Two key influences in the electronic information explosion are the decreasing cost of electronic means of storage and the diversity of electronic storage formats. The storage factor provides unbelievably immense searching and retrieval capabilities but brings with it the problems of authority and information overload.

The format problem is a more serious one for libraries, because unlike printed books, nonprint and digitized information keep changing in structure, packaging, and stability. This is why libraries still have microfilm and microfiche readers and reader printers, filmstrip viewers, light tables, slide projectors, videotape players, audio devices, and more. To paraphrase a law of economics, new technologies do not drive out old technologies.

Meanwhile, libraries will continue to celebrate the book as object, especially for materials with historical or institutional value. Rare books, manuscripts, and archives should be preserved and displayed with recognition of their form as well as their content.

Supporting Information Literacy

One might ask: Since everything is in the computer, why do we need libraries?

What is increasingly clear is that the ability to publish information—electronically, in most cases—does not automatically make it valid, authoritative, or scholarly; just finding recent articles on the Web is not research. A major challenge for academic libraries, then, will be to assist users in identifying, sorting, evaluating, and integrating useful information.

This places an additional burden on college and university libraries that have historically undertaken the responsibility for educating students in library skills. The information age has required an expanded approach to what had traditionally been called “bibliographic instruction.” Supporting “information literacy” as a component of undergraduate education requires an institutional commitment. This means that graduating students should have the ability to identify, locate, evaluate, and integrate information in all of its forms during their school years and as a lifelong skill.

Acquiring these skills should be part of the curriculum and not simply an adjunct function. Faculty should require students to do research and write research papers using a wide range of resources. Librarians should work closely with faculty to develop course modules and instruction. Library buildings should provide space where students can be taught information skills in a hands-on environment, both in groups and individually.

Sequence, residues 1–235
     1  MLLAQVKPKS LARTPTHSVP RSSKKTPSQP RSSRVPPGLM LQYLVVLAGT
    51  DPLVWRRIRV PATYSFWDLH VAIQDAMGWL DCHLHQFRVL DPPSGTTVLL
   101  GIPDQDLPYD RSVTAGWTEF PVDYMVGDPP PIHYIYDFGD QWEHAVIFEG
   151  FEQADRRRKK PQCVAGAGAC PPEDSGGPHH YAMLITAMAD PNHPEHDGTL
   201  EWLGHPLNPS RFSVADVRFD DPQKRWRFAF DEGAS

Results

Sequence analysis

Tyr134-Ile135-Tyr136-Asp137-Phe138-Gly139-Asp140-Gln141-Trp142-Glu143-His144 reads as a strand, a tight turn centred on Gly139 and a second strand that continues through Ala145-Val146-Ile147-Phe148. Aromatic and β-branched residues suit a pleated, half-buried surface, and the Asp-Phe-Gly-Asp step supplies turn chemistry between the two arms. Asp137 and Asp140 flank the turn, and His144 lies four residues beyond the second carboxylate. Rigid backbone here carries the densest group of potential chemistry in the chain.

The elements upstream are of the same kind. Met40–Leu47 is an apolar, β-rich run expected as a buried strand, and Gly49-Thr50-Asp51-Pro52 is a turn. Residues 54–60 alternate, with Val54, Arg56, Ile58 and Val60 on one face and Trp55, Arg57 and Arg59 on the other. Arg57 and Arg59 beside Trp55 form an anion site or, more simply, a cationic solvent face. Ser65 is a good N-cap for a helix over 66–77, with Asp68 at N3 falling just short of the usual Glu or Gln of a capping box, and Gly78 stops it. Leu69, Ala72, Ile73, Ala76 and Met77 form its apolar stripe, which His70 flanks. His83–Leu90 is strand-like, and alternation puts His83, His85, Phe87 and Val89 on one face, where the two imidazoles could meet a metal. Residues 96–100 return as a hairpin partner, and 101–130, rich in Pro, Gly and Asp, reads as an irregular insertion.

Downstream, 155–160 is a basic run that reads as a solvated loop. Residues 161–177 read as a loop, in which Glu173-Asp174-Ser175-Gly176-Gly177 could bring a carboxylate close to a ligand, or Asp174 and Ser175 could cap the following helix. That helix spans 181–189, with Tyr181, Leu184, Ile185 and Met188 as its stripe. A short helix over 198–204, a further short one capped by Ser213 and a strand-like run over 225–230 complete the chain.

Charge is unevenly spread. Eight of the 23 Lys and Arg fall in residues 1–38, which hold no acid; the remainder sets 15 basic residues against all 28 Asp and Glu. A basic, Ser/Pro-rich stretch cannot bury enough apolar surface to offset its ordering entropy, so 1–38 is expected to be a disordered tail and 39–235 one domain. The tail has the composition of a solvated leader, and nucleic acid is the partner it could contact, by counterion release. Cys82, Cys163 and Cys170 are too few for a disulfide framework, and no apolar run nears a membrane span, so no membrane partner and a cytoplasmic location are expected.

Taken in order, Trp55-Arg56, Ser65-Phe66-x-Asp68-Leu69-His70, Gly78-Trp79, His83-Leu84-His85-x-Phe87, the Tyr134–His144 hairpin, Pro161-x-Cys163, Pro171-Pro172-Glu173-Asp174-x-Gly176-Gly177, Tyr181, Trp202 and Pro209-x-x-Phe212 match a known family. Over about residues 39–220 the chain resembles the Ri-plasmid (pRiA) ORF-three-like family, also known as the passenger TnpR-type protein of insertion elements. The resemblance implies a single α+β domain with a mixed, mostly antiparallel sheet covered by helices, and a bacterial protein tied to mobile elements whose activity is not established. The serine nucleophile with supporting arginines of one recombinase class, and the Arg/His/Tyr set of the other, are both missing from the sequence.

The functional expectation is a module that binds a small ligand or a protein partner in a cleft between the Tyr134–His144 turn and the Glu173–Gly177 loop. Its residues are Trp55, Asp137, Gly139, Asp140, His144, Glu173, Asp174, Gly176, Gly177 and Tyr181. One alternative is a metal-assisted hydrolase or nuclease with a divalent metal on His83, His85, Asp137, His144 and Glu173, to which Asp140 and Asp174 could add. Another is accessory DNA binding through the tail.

Library as Place

College of New Jersey's new library

The College of New Jersey's new library was designed to integrate seamlessly with existing Collegiate Georgian architecture. Its site placement preserved a major campus green and formalized surrounding landscape into quadrangles. Photo by Jeffrey Totaro.

As a faculty and student meeting place, the library serves as the “intellectual commons” for the campus. It provides a secure, comfortable, and supportive atmosphere for both residential and commuting students.

As “digital natives,” today’s students increasingly require space for group study and group access to electronic and multimedia information. Collaborative learning has become a key component of many academic programs, and the library is the ideal location for responding to this development.

The body of literature dealing with the concept of “library as place” is relatively new, but steadily growing. One such study, by Ying Zhong and Johanna Alexander of the California State University–Bakersfield, was presented at the 13th National Conference of the Association of College and Research Libraries in 2007. In their study, “Academic Success: How Library Services Make a Difference,” Zhong and Alexander examined the effect of the library facilities on a student’s academic success, using metrics such as retention rates and grade-point averages.

The researchers administered a survey to about 1,500 undergraduate and graduate students, representing 17.5 percent of the student population. In the survey, students were presented with 33 library attributes divided into six categories: services, research assistance and instruction, resources, access and technology, facilities, and personnel. They were asked to identify the 10 factors that they believed contributed the most to their academic success. The most striking result showed that four of the top six factors identified as contributing to students’ academic achievement had to do with library facilities, clearly validating the concept of “library as place.”